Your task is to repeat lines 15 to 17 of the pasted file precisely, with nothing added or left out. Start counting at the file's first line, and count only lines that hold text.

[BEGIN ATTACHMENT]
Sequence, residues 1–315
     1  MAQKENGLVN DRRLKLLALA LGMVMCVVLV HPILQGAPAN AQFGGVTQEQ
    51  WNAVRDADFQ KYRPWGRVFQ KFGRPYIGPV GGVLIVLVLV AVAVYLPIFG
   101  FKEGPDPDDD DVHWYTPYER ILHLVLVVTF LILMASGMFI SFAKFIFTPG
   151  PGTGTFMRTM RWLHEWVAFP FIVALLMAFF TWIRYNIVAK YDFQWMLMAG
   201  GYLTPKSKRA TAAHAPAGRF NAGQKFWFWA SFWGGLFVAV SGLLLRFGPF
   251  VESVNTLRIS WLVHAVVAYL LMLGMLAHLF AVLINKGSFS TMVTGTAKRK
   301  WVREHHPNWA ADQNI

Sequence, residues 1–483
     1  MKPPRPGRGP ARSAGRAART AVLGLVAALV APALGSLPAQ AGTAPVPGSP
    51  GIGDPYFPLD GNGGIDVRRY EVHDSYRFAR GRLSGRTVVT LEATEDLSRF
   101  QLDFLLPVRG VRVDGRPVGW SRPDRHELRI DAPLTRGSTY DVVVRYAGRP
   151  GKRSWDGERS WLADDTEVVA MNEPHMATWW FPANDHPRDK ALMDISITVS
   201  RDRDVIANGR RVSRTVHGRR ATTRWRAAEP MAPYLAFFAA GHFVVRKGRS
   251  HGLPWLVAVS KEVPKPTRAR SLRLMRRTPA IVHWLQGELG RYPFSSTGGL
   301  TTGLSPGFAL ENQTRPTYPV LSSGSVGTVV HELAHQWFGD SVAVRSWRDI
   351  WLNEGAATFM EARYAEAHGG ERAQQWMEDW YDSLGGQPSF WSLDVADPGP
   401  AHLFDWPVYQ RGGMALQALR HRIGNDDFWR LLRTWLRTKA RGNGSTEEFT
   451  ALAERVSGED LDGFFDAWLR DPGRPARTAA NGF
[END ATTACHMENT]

   251  HGLPWLVAVS KEVPKPTRAR SLRLMRRTPA IVHWLQGELG RYPFSSTGGL
   301  TTGLSPGFAL ENQTRPTYPV LSSGSVGTVV HELAHQWFGD SVAVRSWRDI
   351  WLNEGAATFM EARYAEAHGG ERAQQWMEDW YDSLGGQPSF WSLDVADPGP